Tag Archives: immigrant

The stalled car

Recently a friend shared this story with me. He emigrated to the USA from Norway as a young man. One day he was driving along a busy road in the Seattle area and his car broke down.

This occurred on a Sunday morning. He stood by his car, not knowing what else to do, and watched as car after car whizzed past him.  He could tell that many of those passing him by were on their way to church.

Finally, a car slowed down and pulled over. The driver got out. He was dressed in shirt and tie. His wife and three children, were also dressed for church.

That family spent several hours helping my needy friend. They missed church that day.

They WERE the church that day.

My friend and the family are still good friends after many years.

Love that is worthy of Christ is often inconvenient.

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The tired traveler and the taxi man

I heard a cool story today and want to pass it along to you.

A man flew in from a country in Asia. He was a Muslim. He had flown many long hours and was exhausted when he arrived. He was supposed to be picked up at the airport by someone, but when he landed there was no one looking for him. He waited for a long time, wondering what to do in this strange new land.

A member of the Ethiopian church in Seattle was driving taxi that night. He saw the stranded traveler. Approaching him, the Ethiopian asked the immigrant if he could help, even offering to give him a ride and let him stay overnight at home.  The traveler gladly accepted, spending not just one night but two. The next day, the Christian helped the visitor contact his friends, who came for him.

Some while later, that visitor decided to visit a church in Seattle. When he entered, he looked up on the platform and who was preaching that day but the very taxi driver who gave him transport and lodging! He soon declared that whatever that taxi driving preacher believed is what he wanted to believe also. And he placed his trust in Christ.

Let’s keep our eyes open for ways we can welcome the stranger. Our loving actions, even when small, send a clear message!


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Who will push “Play” no matter the cost?

Read what has come before here.

You can’t take this journey vicariously. It won’t happen by reading a book or watching a documentary. Doesn’t happen by listening to a sermon. A church won’t become inclusive by saying, “Anyone is welcome here.” Because what that means is they can come as long as they are willing to do things our way. But ask us to adapt what we do to accommodate them, no way! Ask us to change? Hey, this is our church.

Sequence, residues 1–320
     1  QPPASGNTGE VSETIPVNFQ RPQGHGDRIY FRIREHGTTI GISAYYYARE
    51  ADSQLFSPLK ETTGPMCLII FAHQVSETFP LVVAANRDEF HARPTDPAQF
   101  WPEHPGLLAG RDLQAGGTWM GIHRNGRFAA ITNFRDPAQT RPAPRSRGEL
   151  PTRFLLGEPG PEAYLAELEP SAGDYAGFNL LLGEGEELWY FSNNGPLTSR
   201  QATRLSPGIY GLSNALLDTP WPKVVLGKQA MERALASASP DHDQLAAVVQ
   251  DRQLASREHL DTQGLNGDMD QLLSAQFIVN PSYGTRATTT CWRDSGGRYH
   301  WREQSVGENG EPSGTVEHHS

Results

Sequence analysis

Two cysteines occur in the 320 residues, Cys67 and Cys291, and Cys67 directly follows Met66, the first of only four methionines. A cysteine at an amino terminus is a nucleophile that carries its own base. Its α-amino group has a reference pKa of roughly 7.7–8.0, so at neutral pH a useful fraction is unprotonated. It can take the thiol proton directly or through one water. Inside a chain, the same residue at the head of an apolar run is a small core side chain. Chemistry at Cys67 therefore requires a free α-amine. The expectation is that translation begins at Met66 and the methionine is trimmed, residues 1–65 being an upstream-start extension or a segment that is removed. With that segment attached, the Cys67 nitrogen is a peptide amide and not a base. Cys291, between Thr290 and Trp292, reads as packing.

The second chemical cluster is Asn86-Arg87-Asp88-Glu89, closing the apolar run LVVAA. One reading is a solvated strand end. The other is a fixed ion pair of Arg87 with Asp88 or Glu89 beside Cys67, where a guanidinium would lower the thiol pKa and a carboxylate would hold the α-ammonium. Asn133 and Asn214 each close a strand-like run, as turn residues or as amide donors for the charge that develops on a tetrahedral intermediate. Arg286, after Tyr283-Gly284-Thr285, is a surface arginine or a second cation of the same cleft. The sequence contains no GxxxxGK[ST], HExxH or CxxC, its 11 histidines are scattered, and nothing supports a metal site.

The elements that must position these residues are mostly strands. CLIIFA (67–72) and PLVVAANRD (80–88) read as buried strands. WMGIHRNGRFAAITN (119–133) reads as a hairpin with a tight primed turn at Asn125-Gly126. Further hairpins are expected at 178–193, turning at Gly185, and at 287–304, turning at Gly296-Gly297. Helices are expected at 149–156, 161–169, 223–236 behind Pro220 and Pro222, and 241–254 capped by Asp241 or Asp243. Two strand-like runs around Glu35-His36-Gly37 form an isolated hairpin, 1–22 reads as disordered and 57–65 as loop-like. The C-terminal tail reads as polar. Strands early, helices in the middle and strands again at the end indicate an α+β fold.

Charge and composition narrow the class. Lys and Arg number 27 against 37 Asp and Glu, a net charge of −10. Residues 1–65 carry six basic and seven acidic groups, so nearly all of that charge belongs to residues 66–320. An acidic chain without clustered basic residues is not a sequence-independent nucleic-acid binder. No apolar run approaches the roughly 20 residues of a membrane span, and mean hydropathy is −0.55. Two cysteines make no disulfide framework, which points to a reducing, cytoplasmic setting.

Do you want to know what it ffriendseels like for someone from another culture, another country, another religion to come into your church?  The same way you (a committed Christian) would feel by going to worship at a Buddhist temple. The same way you would feel when entering a mosque on Friday afternoon. Don’t be so ethnocentric as to think they would like it in your church.

Friend, the onus is on us, to invite them into our homes, and to go to theirs; to take difficult steps in a risky direction.

 Which leads to the third part of the adventure. Peter must have cringed when he heard where Cornelius lived: the town of Caesarea; hear it? “Caesar—ea” This was Rome central. Regiments of Italians probably marched nearby as Peter rode into town. Herod himself had a retreat here. The smell of pasta and fettuccine filled the air. The aroma of grilled pork, a stench to Jews, wafted across the streets.

Cornelius had called together all his relatives. As Peter approached, the Centurion ran to greet him, kneeling in respect. Peter entered the home and said, “You know how unlawful it is for a Jewish man to keep company with or go to one of another nation. But God has shown me that I should not call any man common or unclean.” (Acts 10:28)peter vision

Cornelius describes the visitation of the angel, with instructions to call for Peter. They are ready to listen. And Peter lifts up the hood to unveil the theological engine of the mission of God. “In truth I perceive that God shows no partiality. But in every nation whoever fears Him and works righteousness is accepted by Him.” (Acts 10:34-35)